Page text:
Justitia, Old Bridge of Heidelberg

Justitia, Old Bridge of Heidelberg
Justitia, Old Bridge of Heidelberg © Gernot Keller, 2007
Blinkered Justice articles also appear on CrimeTalk and Government In The Lab

Tuesday, 17 May 2011

War crime or state crime

At the tail end of last week, John Demjanjuk was found guilty of Nazi war crimes. Faced with a 5-year prison sentence, Demjanjuk’s team appealed, thereby, prolonging any sense of justice for those that feel that he has something to answer for. It also prolongs his own sense of injustice. Demjanjuk has spent almost 10  years in jail, including 7 years that he spent falsely imprisoned following his conviction for being ‘Ivan the Terrible’. This sentence was later quashed on grounds of mistaken identity.
Demjanjuk is said to have been a prison guard at the concentration camp in Sobibor. The prosecution’s case against him relied on an SS identity card and other written records as evidence of his presence there. However, he was not accused of perpetrating any specific war crimes. Instead, he was accused of being present at the time that atrocities were being committed, and therefore, an accessory to mass murder.

Nazi war crimes expert, Professor Christiaan RĂ¼ter, is reported in The Guardian as describing Demjanjuk as "the littlest of the little fishes". Demjanjuk was formerly a Red Army soldier, who was later allegedly captured and taken as a prisoner of war by the Wehrmacht, before being trained as a prison guard. His defence claimed that he worked as a prison guard rather than face the consequences. In other words, he did what anyone else in his situation would have done to survive. It is important to note that the Nazis killed hundreds of thousands of non-Jewish, ethnic minority Ukrainians living in Poland. Sobibor is a Polish village that borders Ukraine.

In Crime: Local and Global, Green and Ward state that it is important to recognise that:

State violence needs to be understood both as an expression of state power, and as comprising individual acts of aggression with complex social and psychological relations to other forms of interpersonal violence’.

Is what Demjanjuk alleged to have done an act of individual malice? Or can it be understood within a framework of state violence and power, and therefore, a state crime?

In the UK, Demjanjuk has garnered more attention than other cases involving alleged war criminals. In Germany once again, they are prosecuting  2 Rwandan Hutu leaders accused of organising atrocities in the Democratic Republic of Congo. Why has this media story received less exposure when the UK is said to be the home of hundreds of suspected war criminals?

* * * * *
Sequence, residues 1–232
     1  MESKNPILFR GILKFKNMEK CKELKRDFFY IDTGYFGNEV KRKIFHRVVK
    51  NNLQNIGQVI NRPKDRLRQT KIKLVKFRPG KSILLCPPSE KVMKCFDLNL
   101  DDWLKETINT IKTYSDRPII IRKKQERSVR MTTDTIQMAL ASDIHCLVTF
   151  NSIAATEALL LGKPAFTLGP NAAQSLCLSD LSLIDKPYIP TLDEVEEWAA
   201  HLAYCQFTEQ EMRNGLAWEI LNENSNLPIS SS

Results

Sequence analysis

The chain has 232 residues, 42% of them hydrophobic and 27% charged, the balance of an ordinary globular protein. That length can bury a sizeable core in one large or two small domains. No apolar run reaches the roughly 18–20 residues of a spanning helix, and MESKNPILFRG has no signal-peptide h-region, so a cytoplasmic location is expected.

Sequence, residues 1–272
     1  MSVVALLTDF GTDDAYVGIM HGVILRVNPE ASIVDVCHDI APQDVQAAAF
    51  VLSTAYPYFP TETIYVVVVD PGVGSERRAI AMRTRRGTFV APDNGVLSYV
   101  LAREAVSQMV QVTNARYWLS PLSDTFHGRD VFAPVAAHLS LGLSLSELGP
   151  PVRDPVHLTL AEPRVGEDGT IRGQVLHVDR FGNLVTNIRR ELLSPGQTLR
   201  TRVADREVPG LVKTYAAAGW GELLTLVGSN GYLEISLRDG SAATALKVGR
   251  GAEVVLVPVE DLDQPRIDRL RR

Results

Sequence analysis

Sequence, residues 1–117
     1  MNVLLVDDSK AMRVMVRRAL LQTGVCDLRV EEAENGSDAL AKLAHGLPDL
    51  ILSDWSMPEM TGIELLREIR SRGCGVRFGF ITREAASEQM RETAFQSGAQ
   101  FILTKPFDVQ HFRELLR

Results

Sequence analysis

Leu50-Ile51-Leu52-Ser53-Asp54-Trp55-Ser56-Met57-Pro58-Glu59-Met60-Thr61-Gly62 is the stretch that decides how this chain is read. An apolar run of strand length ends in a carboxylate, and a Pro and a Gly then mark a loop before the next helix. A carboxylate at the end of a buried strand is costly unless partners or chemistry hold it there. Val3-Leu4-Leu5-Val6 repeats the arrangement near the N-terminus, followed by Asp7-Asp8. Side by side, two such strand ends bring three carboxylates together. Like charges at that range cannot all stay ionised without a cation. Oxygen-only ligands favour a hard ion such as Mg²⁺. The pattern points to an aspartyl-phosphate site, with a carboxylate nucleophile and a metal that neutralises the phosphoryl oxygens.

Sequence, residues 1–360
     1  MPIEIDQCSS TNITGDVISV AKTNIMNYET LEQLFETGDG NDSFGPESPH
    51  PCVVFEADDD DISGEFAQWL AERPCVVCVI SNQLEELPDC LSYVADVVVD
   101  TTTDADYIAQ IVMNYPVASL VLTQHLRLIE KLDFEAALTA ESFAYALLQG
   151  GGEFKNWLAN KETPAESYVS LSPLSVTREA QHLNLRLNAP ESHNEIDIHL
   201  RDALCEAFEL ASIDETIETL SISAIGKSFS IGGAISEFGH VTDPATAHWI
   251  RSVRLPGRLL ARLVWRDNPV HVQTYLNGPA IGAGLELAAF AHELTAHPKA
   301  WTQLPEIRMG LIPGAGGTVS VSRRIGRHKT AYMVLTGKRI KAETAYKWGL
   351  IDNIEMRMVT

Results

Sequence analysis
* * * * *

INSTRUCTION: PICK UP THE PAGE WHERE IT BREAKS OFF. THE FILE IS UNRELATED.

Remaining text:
The UK Border Agency considers that there are 383 suspected war criminals resident in the UK, with 47 being thought of as worth further investigation by the Metropolitan police (The Met). Between February 1992 and January 2011, a total of 41 cases, that might be thought of as war crimes or crimes against humanity, have been referred to The Crown Prosecution Service. According to Michael McCann MP, who is Labour chair of the parliamentary group for the prevention of genocide and other crimes against humanity, few have been investigated because:

"The biggest problem is the lack of resources dedicated to investigating these serious cases and that we often don't know where these individuals are. It means that if an arrest warrant is issued there is little likelihood it can be served."

Hold on. Enough resources are available for the Met to review the Madeleine McCann case. And, are suspects normally at their registered address when the Met come knocking? Or if they are not, do they telephone The Met like a loyal partner, and explain where they are and when they will come home? The UK’s supposed inability to investigate war criminals lacks credibility.

We obviously still remain interested in the pursuit of Nazi war crimes; hence the media coverage. This imbalanced approach to reporting of what is a war crime, and who war criminals, are got me thinking. I theorise that, had the Holocaust that was perpetrated in Rwanda been committed in Europe, that the UK government would have ensured that war criminals were charged and tried in the UK. The public would have cried out for justice to be done.  The press and online media would have been providing regular updates on the trials and would have added their significant voices to calls for justice.

It is enshrined in human rights legislation that each person be given a fair trial. Equally, each victim should have the right to justice following any fair trial. The UK government’s disinterested approach implies that they are unwilling to proffer such trials to those accused of war crimes. If they are the principle suspects of mass murder, let alone accomplices or accessories (like Demjanjuk), the state’s wilful ignorance of such injustices causes harm to their victims from the likes of Rwanda, Iraq and Sri Lanka. For me, this disregard of their juridical rights is a state crime. 

Article first published on the-pryer.co.uk.
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